Last month, I took a detour from my regular writings about the Pandemic, and how it’s affecting our congregation in particular, and our lives in general. If you recall, I wrote about the need and the moral obligation (I didn’t use those words in my article, but I wish I had), to come together and treat each other with respect, despite differences in opinion, politically or otherwise.
This month, however, I’m back to expressing some thoughts about the Pandemic. At first, I was reluctant to do so, but given the fact it’s one of the most significant issues in the world today, not to mention our entire lifetime, I’m asking for your indulgence once more.
In case you are wondering about the title of this article, I will get to the boat part shortly. For now, I’d like to address the first two concepts. Much has been written, by me as well as others, about the difficulties we are all facing. The hardships range from boredom, isolation and loneliness, to severe financial troubles and life-threatening health concerns. Additionally, many of us are experiencing so much more in between the two extremes.
A common recommendation among mental health professionals (and those of you who are far more self-actualized than I am), is to feel genuine gratitude for the blessings in our lives. I get it, I understand it, and I agree with it. From a commonsense standpoint, appreciating what we have, and recognizing the perspective that there are others out there who are desperately trying to manage far more troubling circumstances, certainly makes sense.
Of course, as my family likes to remind me, I frequently lack basic common sense. My problem with this, is that no matter how bad someone has it, there are always people who have it worse. If I am troubled by not being able to share a meal with family and friends, do I have the right to allow that to sadden me if my neighbor lost his job six months ago, and is kept awake at night wondering how he will make his mortgage payment? And does my neighbor have the right to complain of sleepless nights if he has a colleague who died from the virus? The potential examples here are infinite.
Again, I fully acknowledge the benefit and necessity of feeling and expressing gratitude. It prevents us from wallowing in self pity and taking a “woe is me” attitude. But because there is always someone who has things worse, I am troubled by the implication that we cannot, or should not feel sadness or discomfort because of our own circumstances.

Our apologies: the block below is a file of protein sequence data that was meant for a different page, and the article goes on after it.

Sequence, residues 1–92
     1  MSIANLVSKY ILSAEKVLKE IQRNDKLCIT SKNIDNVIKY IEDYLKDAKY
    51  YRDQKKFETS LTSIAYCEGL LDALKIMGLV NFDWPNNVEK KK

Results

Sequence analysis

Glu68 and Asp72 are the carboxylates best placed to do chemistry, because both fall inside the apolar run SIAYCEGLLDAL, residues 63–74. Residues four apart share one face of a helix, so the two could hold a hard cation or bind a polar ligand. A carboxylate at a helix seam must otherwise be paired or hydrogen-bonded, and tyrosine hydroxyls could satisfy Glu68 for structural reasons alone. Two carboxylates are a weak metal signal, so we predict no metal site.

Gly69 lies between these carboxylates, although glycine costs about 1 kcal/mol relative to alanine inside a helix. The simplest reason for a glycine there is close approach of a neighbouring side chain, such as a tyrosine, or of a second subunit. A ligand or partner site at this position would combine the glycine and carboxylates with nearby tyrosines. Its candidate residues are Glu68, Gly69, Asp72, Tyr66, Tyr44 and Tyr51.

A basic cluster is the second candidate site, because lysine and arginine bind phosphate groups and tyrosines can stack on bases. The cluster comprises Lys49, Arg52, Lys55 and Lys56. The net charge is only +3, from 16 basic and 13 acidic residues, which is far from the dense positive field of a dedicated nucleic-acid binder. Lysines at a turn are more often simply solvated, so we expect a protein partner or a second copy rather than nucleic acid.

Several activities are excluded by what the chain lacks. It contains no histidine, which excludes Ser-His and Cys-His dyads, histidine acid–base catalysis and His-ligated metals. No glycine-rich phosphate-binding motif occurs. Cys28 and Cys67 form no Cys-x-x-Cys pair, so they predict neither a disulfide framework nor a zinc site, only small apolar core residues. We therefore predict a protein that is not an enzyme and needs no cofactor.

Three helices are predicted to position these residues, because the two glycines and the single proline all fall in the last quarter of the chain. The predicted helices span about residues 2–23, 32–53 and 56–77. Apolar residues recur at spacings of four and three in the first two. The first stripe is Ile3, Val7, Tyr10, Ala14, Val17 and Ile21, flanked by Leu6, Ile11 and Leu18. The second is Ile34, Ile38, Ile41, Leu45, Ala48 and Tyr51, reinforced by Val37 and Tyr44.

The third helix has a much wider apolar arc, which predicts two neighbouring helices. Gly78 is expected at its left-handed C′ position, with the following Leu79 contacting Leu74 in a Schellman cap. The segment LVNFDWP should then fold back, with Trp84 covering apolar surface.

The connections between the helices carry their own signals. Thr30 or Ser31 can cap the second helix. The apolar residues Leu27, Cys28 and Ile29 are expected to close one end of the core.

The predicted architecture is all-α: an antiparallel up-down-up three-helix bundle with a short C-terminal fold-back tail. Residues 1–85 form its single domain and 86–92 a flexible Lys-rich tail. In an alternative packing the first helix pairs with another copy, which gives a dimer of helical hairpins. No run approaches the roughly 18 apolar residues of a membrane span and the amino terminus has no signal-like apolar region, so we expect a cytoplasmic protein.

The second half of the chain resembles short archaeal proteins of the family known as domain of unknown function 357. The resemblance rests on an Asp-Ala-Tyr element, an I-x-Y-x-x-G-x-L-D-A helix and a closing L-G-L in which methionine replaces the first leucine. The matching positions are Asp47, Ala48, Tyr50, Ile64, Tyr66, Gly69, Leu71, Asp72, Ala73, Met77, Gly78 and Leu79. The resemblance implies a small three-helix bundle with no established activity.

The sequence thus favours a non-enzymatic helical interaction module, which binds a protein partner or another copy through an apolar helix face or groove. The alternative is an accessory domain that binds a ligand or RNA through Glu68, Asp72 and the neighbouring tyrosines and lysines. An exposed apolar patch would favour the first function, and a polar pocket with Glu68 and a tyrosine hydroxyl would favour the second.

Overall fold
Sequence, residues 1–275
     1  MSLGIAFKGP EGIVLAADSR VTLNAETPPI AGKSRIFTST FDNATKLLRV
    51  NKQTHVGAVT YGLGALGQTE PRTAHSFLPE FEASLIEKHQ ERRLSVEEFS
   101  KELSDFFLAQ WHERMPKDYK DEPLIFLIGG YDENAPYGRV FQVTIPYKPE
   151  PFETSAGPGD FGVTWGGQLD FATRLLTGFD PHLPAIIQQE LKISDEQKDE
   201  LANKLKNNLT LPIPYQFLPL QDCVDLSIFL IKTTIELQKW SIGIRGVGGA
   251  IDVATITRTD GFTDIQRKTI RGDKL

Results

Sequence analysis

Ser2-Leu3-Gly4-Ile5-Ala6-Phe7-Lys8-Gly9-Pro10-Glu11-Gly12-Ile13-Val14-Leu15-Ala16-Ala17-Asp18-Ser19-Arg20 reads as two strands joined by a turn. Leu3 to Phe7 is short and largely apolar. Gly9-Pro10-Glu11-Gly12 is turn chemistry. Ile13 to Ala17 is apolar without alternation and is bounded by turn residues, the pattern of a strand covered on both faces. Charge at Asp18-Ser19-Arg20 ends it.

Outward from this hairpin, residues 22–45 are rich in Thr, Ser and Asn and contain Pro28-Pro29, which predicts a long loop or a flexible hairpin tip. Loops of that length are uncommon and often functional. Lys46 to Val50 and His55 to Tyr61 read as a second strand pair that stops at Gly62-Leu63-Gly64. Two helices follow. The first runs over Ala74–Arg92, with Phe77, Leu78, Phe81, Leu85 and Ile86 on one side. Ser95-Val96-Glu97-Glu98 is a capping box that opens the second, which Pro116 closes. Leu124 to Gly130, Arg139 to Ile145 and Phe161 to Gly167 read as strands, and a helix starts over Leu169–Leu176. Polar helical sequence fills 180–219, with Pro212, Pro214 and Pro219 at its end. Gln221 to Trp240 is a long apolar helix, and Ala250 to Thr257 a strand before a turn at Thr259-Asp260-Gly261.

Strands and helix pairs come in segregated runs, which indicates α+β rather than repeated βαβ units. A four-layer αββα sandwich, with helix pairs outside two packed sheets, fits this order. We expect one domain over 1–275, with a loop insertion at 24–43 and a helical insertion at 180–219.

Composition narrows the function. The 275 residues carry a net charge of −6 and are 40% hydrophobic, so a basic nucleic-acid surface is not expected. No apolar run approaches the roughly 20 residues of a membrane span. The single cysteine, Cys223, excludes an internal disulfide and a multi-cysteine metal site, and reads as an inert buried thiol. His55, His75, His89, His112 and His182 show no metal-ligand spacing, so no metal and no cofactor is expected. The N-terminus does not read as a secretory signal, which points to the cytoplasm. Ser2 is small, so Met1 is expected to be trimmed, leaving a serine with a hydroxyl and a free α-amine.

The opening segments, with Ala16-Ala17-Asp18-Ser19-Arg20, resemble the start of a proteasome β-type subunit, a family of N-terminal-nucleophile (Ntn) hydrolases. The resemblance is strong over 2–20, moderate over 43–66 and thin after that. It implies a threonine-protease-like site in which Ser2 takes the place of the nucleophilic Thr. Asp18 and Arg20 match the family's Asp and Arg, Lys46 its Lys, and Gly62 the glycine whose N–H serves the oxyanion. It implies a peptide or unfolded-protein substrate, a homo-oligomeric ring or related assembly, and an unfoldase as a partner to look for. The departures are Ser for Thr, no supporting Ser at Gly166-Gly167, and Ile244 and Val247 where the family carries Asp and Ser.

At this point, I would like to extend an apology. I’ve raised this concern, but I don’t have an answer. The only thing I can think of, is that it’s possible to do both. That is, make an effort to count our blessings, and to be truly grateful for the good things in our lives, and at the same time, it’s okay to feel sadness because things are not the way we would like them to be.
For those of you out there who might have additional insight into my dilemma, I would welcome hearing from you.
Okay, let’s talk about the boat. For all of you movie buffs, I suspect you will recognize “the need for a bigger boat,” coming from the 1975 blockbuster thriller, Jaws. When Captain Brody first saw the enormity of the shark they were hunting, he expressed his concern about the size of their boat to the others on board.
What does this have to do with anything I might be writing about? Absolutely nothing. What it does do, is provide a segue to a thought I would like to share.
As I am writing this, the Covid-19 vaccine has just been approved by the FDA, and is on its way to be delivered. We are at the very beginning stages of getting a faint glimpse of hope of resolution from the nearly ten month ordeal we have all been experiencing. But despite the crazy making and anxiety provoking uncertainty of not having a clue as to when this will end, there is another phenomenon that occurs when a resolution is in sight.
When we are in the middle of things, without knowing when normalcy will return, we settle in, live our lives the best we can, and do what we have to do, the pain and difficulties mentioned above, notwithstanding. But when we start to see the light at the end of the tunnel (and hope it’s not a train), the anxiety can actually increase. Resolution is there, just out of reach, but we can see it, feel it, and taste it. And as it gets closer, the ache we feel for this madness to end, becomes even stronger.
I call this the “Jaws Effect.” During a calm evening on the boat, Quint (the shark hunter), was sharing a story with Captain Brody and Hooper. He recalled how during the war, he was on the ship that was delivering the atomic bomb to be dropped on Japan. After they made the delivery, the ship was heading back home when it was struck by a torpedo and sunk. Because of the secrecy of their mission, hundreds of sailors remained floating in the ocean with life preservers for weeks until a rescue ship finally found them. Quint spoke of the many friends who were killed by sharks during that period of time. But it wasn’t until he was waiting for his turn to climb up the ladder of the rescue ship, that Quint felt the most fear. During the previous two weeks, he bobbed around in the water, accepting his fate. But with rescue so close, and just out of reach, he could see it, feel it and taste it.
The vaccine has been approved, and it’s on its way. My hope is that we can stay strong, continue to be vigilant in our mask wearing and distancing protocols, and remain sane while waiting for our literal shot in the arm.
With 2020 now behind us, I’m looking forward to when it’s a distant memory, for our children and grandchildren to be reading about in their history books.
Wishing you all a very happy, safe and healthy new year.